Thanksgiving is less than one week away and Juneau’s charity organizations still need turkeys and other donations.
The Glory Hole, St. Vincent de Paul, and The Salvation Army are relying on community generosity to fill Thanksgiving baskets and boxes, and feed the community.
St. Vincent de Paul is handing out 500 baskets starting Saturday, but still needs items to fill them up.
The organization started the program with 25 baskets. Ten years ago, when Louise Wertheimer began volunteering, they made 200 baskets.
“We didn’t realize that the need was so great in Juneau, and it just grew,” says Wertheimer. “We want to make sure that everyone who needs help, that needs assistance, that we’ve got the food and the turkey to help them, and that’s why we do 500 now.”
Executive director Mariya Lovishchuk says, while Thanksgiving boxes are not an essential service, they really cheer people up, including Glory Hole patrons.
“It’s just really wonderful to see our patrons contributing to the community by assembling these boxes, by carrying them out, by putting them in people’s cars, by saying, ‘Have a Happy Thanksgiving,’ to people, and then people say, ‘Happy Thanksgiving,’ to them,” she describes.
The Salvation Army plans to feed up to 400 people at The Hangar on the Wharf on Thanksgiving Day. The free meal will be served from 11 to 2:30. Everyone is welcome.
“We’ve had the governor, we’ve had the mayor, we’ve had several legislative representatives. We have people who need a meal, we have people who are homeless, we have people who just simply don’t want to be alone and so they come down just to share a meal and have fellowship, we have people come in and just bring their families,” says coordinator Carol Pitts. “So it is open to anyone living in or visiting Juneau on Thanksgiving.”
Turkeys and other food items can be dropped off at:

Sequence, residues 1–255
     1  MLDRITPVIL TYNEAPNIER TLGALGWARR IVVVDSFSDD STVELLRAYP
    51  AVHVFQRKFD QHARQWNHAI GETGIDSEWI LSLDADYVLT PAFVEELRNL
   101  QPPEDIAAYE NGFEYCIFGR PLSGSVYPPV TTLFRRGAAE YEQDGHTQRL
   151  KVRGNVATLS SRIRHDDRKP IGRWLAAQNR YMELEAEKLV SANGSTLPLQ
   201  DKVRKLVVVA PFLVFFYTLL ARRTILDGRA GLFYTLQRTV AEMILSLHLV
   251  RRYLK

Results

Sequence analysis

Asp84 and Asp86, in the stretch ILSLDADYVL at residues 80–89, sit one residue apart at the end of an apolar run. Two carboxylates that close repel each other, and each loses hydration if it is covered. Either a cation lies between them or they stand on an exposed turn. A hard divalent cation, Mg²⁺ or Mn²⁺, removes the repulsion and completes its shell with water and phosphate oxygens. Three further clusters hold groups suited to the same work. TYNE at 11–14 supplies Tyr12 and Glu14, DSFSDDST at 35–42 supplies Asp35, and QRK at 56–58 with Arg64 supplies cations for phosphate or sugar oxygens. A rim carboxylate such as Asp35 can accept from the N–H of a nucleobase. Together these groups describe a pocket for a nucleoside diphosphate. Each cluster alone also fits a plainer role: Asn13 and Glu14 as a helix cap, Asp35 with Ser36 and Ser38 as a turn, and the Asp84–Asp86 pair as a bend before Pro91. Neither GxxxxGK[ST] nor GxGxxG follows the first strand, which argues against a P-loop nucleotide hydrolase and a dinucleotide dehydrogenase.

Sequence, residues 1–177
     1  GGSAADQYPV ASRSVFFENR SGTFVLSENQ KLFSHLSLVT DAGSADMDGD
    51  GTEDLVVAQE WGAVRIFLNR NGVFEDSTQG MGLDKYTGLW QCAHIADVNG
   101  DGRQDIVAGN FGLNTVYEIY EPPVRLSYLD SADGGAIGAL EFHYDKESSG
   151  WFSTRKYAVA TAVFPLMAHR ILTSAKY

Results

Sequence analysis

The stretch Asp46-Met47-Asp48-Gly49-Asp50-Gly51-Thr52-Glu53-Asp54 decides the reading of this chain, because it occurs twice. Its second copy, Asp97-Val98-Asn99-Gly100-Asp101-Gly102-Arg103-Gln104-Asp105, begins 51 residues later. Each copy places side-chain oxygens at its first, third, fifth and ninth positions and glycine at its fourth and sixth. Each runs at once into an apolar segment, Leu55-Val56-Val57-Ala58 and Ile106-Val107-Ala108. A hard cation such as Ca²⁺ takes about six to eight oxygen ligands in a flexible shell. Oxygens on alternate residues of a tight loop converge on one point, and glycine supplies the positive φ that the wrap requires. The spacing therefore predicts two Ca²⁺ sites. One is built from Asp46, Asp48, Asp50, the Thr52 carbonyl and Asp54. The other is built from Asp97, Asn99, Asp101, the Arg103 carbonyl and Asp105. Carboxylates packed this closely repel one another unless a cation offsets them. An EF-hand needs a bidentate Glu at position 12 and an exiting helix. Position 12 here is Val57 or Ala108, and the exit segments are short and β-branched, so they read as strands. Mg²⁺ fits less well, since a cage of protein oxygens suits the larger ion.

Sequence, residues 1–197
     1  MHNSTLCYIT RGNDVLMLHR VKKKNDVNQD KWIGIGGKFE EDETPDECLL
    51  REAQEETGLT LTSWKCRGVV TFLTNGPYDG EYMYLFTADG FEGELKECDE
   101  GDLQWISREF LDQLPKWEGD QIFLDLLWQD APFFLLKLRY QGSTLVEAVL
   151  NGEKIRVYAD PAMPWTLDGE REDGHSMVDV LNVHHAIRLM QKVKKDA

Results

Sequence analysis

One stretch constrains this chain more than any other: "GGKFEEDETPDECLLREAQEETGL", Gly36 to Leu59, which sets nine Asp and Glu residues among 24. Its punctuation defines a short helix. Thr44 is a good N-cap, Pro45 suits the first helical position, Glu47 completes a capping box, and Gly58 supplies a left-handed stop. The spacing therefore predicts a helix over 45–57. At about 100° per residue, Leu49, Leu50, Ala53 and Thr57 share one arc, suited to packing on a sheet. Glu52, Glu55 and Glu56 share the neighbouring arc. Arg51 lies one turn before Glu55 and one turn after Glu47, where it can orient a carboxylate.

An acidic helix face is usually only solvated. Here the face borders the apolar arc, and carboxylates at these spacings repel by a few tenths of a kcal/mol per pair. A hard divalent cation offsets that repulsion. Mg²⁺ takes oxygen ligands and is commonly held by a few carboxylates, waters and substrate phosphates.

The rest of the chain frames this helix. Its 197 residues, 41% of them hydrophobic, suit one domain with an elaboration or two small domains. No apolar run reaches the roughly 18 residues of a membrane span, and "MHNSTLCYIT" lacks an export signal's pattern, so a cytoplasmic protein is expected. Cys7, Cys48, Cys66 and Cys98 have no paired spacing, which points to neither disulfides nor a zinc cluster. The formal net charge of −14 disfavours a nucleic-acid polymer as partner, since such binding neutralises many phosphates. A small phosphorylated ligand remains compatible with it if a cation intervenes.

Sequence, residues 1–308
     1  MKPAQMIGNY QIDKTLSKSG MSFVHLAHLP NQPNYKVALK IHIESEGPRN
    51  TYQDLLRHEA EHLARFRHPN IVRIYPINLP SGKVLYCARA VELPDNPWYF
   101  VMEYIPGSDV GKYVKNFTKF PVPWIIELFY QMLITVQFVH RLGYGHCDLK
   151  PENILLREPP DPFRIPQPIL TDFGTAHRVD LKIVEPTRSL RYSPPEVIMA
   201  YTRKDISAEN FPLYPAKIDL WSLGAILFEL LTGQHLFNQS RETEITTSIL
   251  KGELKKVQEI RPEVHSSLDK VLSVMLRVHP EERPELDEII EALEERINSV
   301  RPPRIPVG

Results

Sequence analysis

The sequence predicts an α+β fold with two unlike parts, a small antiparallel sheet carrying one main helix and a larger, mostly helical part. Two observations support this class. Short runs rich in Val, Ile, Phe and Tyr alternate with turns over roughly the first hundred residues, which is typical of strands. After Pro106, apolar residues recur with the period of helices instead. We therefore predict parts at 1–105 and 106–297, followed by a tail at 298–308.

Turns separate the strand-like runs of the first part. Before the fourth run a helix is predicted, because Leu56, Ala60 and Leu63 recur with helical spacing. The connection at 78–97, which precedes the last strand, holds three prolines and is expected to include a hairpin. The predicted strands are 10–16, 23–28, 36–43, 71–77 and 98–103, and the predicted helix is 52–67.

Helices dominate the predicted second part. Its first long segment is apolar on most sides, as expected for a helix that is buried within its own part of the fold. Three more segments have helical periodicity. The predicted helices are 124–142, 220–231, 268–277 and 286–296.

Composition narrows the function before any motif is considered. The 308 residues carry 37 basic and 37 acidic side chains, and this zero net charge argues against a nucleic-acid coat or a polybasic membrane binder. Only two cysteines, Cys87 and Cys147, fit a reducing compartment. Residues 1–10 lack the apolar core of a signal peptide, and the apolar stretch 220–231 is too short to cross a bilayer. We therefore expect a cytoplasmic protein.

- St. Vincent de Paul
8617 Teal Street (behind Nugget Mall)
- The Glory Hole
247 South Franklin Street
7 am – 9:30 pm every day
- The Salvation Army
439 Willoughby Ave.
8 am – 5 pm on Saturday
9 am – 4 pm weekdays
The kitchen needs 45 turkeys for the community meal and Pitts hopes people taking advantage of turkey deals at local grocery stores will help meet the demand. “Sometimes people will already have their turkey but they’re still buying some groceries and so if they take the opportunity of getting that turkey and they don’t need it, then we certainly can use it,” she says.
Another way to help out during the holiday season is by buying a donation bag at a local grocery store. It’s a pre-filled bag of groceries that will go to Southeast Alaska Food Bank.
Safeway has been offering donation bags for three years. According to assistant store manager Matthew Cabrigas, the store usually sells about 400.
“It allows community involvement for the holiday season just to help people who aren’t able to fill their shelves with the necessary items, just for eating really,” says Cabrigas. Donations bags will be at Safeway until the end of the month.
Turkeys and other donations can be dropped off at St. Vincent de Paul, Glory Hole, and the Salvation Army.
- Most of the claims are that his for-profit conservative website “Restoring Liberty” is illegally contributing to his Senate campaign by promoting his run.
- Some people are already lining up to cast their votes.
- An appeals court today upheld a federal decision to list a species of ice seals as threatened under the Endangered Species Act.
- The premiums on benchmark plans are increasing by an average of 22 percent in 2017, the government says, but more than 70 percent of people can get one for less than $75 a month after subsidies.